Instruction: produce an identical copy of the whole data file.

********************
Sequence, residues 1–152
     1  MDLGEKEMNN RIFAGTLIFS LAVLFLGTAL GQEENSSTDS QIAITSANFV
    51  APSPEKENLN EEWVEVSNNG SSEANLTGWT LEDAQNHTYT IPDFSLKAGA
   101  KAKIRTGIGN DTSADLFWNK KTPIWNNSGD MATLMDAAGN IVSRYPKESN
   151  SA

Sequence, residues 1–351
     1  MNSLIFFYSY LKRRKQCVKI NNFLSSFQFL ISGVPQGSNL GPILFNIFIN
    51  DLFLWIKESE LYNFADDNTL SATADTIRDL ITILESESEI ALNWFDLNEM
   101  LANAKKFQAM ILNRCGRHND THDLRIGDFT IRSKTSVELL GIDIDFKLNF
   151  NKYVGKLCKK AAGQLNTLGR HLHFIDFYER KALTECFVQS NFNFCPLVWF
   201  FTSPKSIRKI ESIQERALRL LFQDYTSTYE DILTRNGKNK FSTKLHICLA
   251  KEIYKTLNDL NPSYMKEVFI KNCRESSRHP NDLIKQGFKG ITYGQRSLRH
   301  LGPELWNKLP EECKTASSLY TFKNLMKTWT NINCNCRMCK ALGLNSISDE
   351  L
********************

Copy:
Sequence, residues 1–152
     1  MDLGEKEMNN RIFAGTLIFS LAVLFLGTAL GQEENSSTDS QIAITSANFV
    51  APSPEKENLN EEWVEVSNNG SSEANLTGWT LEDAQNHTYT IPDFSLKAGA
   101  KAKIRTGIGN DTSADLFWNK KTPIWNNSGD MATLMDAAGN IVSRYPKESN
   151  SA

Sequence, residues 1–351
     1  MNSLIFFYSY LKRRKQCVKI NNFLSSFQFL ISGVPQGSNL GPILFNIFIN
    51  DLFLWIKESE LYNFADDNTL SATADTIRDL ITILESESEI ALNWFDLNEM
   101  LANAKKFQAM ILNRCGRHND THDLRIGDFT IRSKTSVELL GIDIDFKLNF
   151  NKYVGKLCKK AAGQLNTLGR HLHFIDFYER KALTECFVQS NFNFCPLVWF
   201  FTSPKSIRKI ESIQERALRL LFQDYTSTYE DILTRNGKNK FSTKLHICLA
   251  KEIYKTLNDL NPSYMKEVFI KNCRESSRHP NDLIKQGFKG ITYGQRSLRH
   301  LGPELWNKLP EECKTASSLY TFKNLMKTWT NINCNCRMCK ALGLNSISDE
   351  L